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The opening Heat of the National Capital Rally may have been trimmed to just four stages following changeable weather conditions but it proved to be a demanding day for crews as road surfaces dried, tyre selection became an issue and a high rate of attrition caught the unwary off guard.

First on the road, Eli Evans, became the first to sample the changeable road conditions as he ventured onto the first stage with Kumho’s harder compound tyre fitted to his Honda Jazz.

“I went for the 900’s (Kumho tyre), which has a more closed pattern, and it hurt us on the first stage,” Eli said, setting the fifth fastest time. “It was a gamble, we thought there would be more moisture in the road but it was a lot drier and sandier.”

Eli’s wrong tyre call allowed Brendan Reeves to claim an early advantage on the stage, but despite the Mazda drivers fastest stage time all wasn’t well. “Straight away we had brake and clutch problems,” he explained. “So to go fastest on the stage even with the problems proved how good the car was.”

Victorian Steven Mackenzie had an early scare in his Ford Fiesta, glancing a gatepost and damaging the left side door and rear quarter panel resulting in mostly superficial damage.

Elfyn Evans, on a special appearance outside of Europe, showed the pace of the Ford Fiesta R2 to set second fastest time on the first stage, although it was to be a short lived advantage, the team explaining what happened next.

“He went into a right left kink, and spun, which put him off the road. It’s ripped the front bumper off the car, so we think it’s just cosmetic damage, but the car is down a bank and we’ve had to wait all day to get it out. We won’t know the real damage until the car gets back to service, hopefully he’ll be back tomorrow.”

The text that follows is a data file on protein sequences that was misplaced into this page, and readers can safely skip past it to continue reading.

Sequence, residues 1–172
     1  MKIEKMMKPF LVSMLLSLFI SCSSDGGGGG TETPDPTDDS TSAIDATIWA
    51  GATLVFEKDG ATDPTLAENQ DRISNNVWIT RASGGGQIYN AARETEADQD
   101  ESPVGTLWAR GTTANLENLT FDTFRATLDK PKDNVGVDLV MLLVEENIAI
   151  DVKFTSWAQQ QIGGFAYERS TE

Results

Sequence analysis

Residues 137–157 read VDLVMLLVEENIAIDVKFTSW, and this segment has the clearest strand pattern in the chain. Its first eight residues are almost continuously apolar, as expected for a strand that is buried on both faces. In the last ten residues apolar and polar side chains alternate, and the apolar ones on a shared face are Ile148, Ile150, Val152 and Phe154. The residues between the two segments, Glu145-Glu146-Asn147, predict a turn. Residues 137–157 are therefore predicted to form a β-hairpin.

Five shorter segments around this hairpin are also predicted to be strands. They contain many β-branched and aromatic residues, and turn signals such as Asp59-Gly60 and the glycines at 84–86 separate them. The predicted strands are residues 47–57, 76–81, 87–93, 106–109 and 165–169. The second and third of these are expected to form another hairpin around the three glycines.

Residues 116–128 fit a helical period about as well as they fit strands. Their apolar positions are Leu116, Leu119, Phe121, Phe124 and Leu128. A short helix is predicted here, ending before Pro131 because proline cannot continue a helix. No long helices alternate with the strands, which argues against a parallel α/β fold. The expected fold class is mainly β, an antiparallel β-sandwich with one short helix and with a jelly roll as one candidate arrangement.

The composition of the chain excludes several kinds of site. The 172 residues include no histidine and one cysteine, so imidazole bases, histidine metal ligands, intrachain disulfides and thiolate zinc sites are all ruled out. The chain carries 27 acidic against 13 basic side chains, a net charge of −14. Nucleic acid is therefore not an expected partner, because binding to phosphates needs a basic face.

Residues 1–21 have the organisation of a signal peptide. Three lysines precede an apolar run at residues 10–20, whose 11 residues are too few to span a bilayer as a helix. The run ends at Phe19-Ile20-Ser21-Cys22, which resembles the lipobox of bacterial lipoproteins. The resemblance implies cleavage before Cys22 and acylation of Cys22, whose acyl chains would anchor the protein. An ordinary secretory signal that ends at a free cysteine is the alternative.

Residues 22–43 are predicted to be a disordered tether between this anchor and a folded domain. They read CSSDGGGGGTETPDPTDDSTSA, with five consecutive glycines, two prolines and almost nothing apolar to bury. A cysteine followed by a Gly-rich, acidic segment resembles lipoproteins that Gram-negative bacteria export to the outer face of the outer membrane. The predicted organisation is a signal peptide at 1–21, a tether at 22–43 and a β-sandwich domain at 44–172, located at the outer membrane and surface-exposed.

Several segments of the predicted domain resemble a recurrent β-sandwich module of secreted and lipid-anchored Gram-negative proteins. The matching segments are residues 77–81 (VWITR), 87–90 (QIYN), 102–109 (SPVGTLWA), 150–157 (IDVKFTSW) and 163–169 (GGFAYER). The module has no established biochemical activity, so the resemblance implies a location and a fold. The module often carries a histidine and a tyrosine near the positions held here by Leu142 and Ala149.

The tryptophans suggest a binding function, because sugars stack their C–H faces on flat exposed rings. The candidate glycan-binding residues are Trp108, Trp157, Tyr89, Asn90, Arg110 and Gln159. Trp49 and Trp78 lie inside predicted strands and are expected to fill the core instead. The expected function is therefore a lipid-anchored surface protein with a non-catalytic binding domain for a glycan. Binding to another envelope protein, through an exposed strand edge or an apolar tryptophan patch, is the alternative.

At the conclusion of the second stage Scott Pedder had jumped from fourth into the lead, holding a sizable 16.3-second lead over Will Orders.

Further back Jack Monkhouse was experiencing brake issues, with the rear brakes on his Nissan Silvia only working when the hand brake was used. “I couldn’t work out what was wrong, I had the brake balance switch all the way to the rear and still nothing. Then I realized we’d pulled it all out when we rebuilt the car and maybe it was fitted backwards, so I went to full front brake bias and it worked,” said Jack.

Another to have brake concerns was Mark Pedder, his Honda reportedly overheating its brake fluid leading to a complete loss of brakes. “We’d get about 8 or 9 kilometers into the stage and we’d loose everything!”

In the second Honda Eli Evans had a slightly different headache to overcome. “About halfway through the last stage the power steering just went dead, nothing at all, and I can’t tell you how difficult these cars are to drive without power steering!” The cause was quickly traced to a split power steering hose.

With his steering restored Eli set about chasing down Scott Pedder over the afternoon’s two stages, and by the end of the third stage he’d closed the gap to 10.2 seconds, Will Orders relegated to third.

Of more immediate concern was the health of Michael Boaden’s Volkswagen Polo. Roughly two kilometers from the start of the third stage the engine began to struggle and Boaden fought furiously with the switches in the car to rectify the problem. “I couldn’t work it out, until I cycled to a screen on the dash that showed we had no fuel pressure,” Boaden stated.